Staying afloat

Usha Raman

One of the effects of living in a media saturated environment is to feel constantly bombarded by information – on television, through the many newspapers and magazines that we could read, and of course, on the Internet. Some of us are excited by the possibility of knowing (almost) everything about (almost) anything. But many of us feel overwhelmed and just don’t know what we can do to keep up. I see this anxiety manifests itself in important ways among students too, and they too respond in two broad ways: either by tuning out and developing an “I couldn’t care less” attitude, or by running in many different directions in pursuit of information and not knowing how to synthesize or assimilate it all. There are very few who fall in the reasonable middle, and who are able to not only selectively keep up with what they know is important, but who also understand how to strategically use the information for learning and application. This is perhaps one of the most important skills to develop in the information age – and as teachers we need to start focusing on it as early as possible, ideally in middle school, when students (should) begin to seek out information independently. Of course, some educationists would argue that independent learning begins much earlier, particularly in the experiential mode. One of the central issues in all of this is our own ability to handle this information overload. Only if we can develop our own strategies to deal with the massive amounts of material we are exposed to, can we share those strategies with our students.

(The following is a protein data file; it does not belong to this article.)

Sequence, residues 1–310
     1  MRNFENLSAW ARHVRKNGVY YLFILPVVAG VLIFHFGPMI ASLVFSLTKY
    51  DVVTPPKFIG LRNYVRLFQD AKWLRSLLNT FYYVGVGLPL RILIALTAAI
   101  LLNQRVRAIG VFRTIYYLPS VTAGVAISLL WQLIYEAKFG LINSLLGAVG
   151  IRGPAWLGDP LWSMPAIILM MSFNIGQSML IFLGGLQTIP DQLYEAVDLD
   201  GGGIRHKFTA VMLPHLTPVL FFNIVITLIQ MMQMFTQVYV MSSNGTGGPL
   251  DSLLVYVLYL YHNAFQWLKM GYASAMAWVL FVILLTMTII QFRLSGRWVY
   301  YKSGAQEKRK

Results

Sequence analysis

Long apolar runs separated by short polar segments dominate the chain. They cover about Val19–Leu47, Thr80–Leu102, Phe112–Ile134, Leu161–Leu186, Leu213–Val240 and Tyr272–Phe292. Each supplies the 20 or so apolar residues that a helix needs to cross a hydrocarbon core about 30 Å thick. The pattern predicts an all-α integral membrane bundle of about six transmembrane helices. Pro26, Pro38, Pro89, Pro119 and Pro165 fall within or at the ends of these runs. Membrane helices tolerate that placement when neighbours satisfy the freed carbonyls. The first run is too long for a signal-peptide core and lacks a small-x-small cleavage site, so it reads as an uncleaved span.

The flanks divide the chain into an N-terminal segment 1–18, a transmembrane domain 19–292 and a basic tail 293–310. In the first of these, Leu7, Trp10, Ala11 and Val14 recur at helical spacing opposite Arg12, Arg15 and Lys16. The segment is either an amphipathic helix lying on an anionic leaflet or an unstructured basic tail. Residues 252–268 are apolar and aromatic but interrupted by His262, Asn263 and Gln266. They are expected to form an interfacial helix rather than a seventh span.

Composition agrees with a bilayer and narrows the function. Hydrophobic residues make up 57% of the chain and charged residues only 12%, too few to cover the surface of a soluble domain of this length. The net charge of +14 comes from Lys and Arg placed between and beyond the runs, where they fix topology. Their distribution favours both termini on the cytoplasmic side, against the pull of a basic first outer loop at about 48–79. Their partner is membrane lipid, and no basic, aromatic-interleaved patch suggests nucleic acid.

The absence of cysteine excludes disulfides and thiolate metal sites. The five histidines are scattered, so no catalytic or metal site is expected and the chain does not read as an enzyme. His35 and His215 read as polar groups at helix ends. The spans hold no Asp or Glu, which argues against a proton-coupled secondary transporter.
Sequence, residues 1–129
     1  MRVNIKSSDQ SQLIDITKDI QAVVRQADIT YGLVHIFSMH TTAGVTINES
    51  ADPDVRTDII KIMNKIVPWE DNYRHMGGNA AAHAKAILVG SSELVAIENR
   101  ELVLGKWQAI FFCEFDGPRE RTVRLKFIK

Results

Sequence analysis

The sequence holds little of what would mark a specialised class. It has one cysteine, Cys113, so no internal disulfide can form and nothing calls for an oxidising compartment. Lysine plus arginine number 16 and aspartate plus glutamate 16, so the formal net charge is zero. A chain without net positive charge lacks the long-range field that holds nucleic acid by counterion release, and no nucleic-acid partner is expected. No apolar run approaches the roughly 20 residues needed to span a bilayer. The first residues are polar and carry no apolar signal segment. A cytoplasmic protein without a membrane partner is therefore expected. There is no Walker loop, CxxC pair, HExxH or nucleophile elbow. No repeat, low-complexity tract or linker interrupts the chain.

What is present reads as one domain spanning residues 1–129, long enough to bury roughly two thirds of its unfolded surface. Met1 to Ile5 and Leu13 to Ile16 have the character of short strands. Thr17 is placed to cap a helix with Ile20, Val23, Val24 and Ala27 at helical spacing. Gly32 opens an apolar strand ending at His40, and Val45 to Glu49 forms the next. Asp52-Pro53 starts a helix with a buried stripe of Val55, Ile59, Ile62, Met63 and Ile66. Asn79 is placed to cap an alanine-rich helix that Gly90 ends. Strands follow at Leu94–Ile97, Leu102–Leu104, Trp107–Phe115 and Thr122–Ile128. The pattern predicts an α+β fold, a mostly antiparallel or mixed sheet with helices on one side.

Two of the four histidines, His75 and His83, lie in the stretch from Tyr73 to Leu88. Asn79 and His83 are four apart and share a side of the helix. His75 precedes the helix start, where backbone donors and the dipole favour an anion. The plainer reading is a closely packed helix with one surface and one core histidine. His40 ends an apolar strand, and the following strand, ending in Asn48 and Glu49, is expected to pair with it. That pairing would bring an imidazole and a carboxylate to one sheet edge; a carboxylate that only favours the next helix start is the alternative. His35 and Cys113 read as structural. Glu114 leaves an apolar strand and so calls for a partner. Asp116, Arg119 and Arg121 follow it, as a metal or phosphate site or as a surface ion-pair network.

The difficulty is that there is no one method that one can use; each of us experiences it in different ways and to different extents. But it is clear that we do need to think about it and come up with some way of dealing with it, as more and more of our students will need the ability to deal with it too.

The first step perhaps is to create reflective spaces for ourselves, where we cut ourselves off from the flow of information and take time to sift through it, think about it, understand it, judge its relevance to our lives, and then assimilate it in our own ways. The gaps in the school year – summer holidays, winter vacation – provide such opportunities. Yes, there is always preparation to be done, housework to catch up on, family obligations to be met, but despite all that, we can carve out some “me time” to be alone with our thoughts. And to devise our own strategies of coping with information overload.

Have a great summer!

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